Back when I was dating Alyssa Milano, she never mentioned the fact that she was interested in writing comic books. As such, I was a little bit surprised when I heard about “Hacktivist”, and a whole bunch more surprised after I read the book and liked it.
I’m not necessarily proud of this fact, but I bought this book fairly certain that I was going to dislike it, and that I could then write a review chalked full of self-indulgent “Who’s The Boss” and “Charmed” references. I don’t think it’s that unfair to suggest a celebrity might get a concept for a book pushed through the screening process easier than most, and that the various publishers might be happy to use her name to help drive book sales. As cynical as that might seem, I can tell you that things didn’t end all that well between Alyssa and myself, and so I like to think the cynicism is well placed.
OK, I may not have actually dated Alyssa Milano. Our only split came when I stopped watching her portray Samantha Micelli on “Who’s the Boss”, which I suppose places the blame for any estrangement solely on my shoulders. So with that out in the open, I suppose I could have gone into this with a more optimistic frame of mind, but if I had, the book probably wouldn’t have had the same impression on me.
The book is nicely designed with a simple but attractive heavy stock cover. The writing credits go to Collin Kelly and Jackson Lanzing, with art by Marcus To and colors by Ian Herring. I was more than a little surprised to discover a couple of reviews where the author was critical of the art. The art is good enough that it forced me to take notice before I had gotten through the first few pages, and it has a nice flow to it, which doesn’t happen when the creative team is out of sync. This is, quite simply, a very nice looking book. (And as a man who has “designed” some very appealing sandwiches in my day, I feel I’m more than qualified to make that assessment.)
The story begins in Tunisia, with what we can safely assume is the young lady from the cover of the book fleeing for her life amidst a flurry of gunfire. After a couple pages of action, we discover that our young heroine is part of a small group of people looking to inspire a revolution in Tunisia. Looking to spread their message through social media turns out to be a problem in a country where the government controls the internet. Luckily there just happens to be a pair of covert philanthropist hackers ready to come to the rescue of our revolutionaries when it seems like all hope is lost.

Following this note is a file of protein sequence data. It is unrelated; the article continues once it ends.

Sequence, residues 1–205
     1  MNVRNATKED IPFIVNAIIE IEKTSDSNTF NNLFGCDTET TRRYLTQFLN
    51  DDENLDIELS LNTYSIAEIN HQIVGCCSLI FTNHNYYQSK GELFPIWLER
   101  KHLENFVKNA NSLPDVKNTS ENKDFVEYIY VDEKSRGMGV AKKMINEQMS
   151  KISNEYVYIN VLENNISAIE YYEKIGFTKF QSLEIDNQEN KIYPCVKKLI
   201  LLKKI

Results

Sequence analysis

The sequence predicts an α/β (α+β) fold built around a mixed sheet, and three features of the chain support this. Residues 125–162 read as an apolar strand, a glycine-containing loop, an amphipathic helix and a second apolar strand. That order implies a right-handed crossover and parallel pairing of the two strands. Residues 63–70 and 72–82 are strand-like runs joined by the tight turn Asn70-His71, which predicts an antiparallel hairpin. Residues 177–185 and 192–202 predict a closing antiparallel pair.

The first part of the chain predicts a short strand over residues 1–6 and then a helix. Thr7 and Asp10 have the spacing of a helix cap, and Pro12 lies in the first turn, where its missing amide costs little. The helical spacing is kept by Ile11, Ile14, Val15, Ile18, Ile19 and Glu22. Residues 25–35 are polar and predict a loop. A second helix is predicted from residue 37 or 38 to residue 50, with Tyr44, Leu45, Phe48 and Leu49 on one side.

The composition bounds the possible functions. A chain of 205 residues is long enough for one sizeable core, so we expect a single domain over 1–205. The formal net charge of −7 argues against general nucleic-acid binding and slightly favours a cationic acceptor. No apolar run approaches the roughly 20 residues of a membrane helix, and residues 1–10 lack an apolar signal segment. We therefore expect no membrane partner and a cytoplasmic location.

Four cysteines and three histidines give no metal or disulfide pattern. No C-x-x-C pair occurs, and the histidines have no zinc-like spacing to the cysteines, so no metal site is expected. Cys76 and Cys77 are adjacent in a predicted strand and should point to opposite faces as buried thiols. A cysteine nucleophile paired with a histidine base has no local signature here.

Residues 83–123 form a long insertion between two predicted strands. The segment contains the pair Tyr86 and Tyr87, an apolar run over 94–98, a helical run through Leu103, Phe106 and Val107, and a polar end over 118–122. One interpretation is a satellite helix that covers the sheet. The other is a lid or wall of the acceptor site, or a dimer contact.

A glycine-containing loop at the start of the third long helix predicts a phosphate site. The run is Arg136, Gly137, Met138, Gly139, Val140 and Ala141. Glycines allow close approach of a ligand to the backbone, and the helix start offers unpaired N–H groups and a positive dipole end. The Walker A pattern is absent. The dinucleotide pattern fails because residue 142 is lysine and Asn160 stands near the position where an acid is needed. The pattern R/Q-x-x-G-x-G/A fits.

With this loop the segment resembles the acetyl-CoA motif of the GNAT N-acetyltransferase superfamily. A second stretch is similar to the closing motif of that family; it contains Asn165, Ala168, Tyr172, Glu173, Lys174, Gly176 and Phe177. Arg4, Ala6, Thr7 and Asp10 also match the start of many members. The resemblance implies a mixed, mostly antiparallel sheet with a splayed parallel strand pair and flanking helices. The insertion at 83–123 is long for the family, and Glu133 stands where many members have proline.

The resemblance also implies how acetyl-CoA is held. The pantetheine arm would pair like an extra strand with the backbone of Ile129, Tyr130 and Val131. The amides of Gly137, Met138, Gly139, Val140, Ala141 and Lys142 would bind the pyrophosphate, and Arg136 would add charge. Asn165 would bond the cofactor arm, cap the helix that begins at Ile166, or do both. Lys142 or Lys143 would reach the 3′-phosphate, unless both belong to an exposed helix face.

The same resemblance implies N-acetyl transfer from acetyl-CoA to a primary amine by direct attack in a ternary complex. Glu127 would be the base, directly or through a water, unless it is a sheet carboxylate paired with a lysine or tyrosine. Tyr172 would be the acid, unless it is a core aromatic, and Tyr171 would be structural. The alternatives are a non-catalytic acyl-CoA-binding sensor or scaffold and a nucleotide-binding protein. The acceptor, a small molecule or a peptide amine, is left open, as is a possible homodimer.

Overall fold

I’ll go easy on the spoilers from here on out, but the rest of the book focusses on character development as we look into the lives of the two young men that saved the revolution and inspired the name of this comic book.
Everything moves along nicely, but if there’s criticism to be had, it’s that the plot starts to feel a bit formulaic and predictable by the end of issue 1 and our protagonists might seem a bit too familiar if you’ve watched The Social Network or Hackers recently. The idealistic, obsessive compulsive, workaholic, philanthropist, and the suave, sexy, party-loving front man. Perhaps a bit too easy and cliché… but it works… for now. They’re characters that the reader can identify, and identify with quickly, within a story that seems like it could fill 12 issues instead of 4. Its not my book, but I would suggest that it could be by design. The fact that you assume to know these characters already could end up being a clever plot device… but then again, it could be really disappointing. It’s a little too early to tell after just one issue.
By the end of the issue, the book is definitely engaging enough to inspire the reader to keep going, which judging by the reaction I got when I told people I was reading this book, should come as a happy surprise. If Alyssa Milano and her creative team can steer clear from the predictable plot some of the more negative reviewers think we’re headed for, this could turn out to be a fantastic run.
The reviews of this book have come in across the board, and we’ll try to link a few of the highlights in the comments section of this article. I like this book, but if you’re looking for something more positive, look no further than Joe Simon’s glowing thumbs-up posted over at Comic Book Resources. While we’re all huge fans of Comic Book Resources here, I’m not sure I’d go in with the unbridled admiration that Mr. Simon suggests. He’s either a very big Alyssa Milano fan, or looking to provide a quote for future Hacktivist promotional material. Agree or not, he’s definitely provided some sexy sounding copy for publishers, Archaia and Boom Studios to sell their new book with.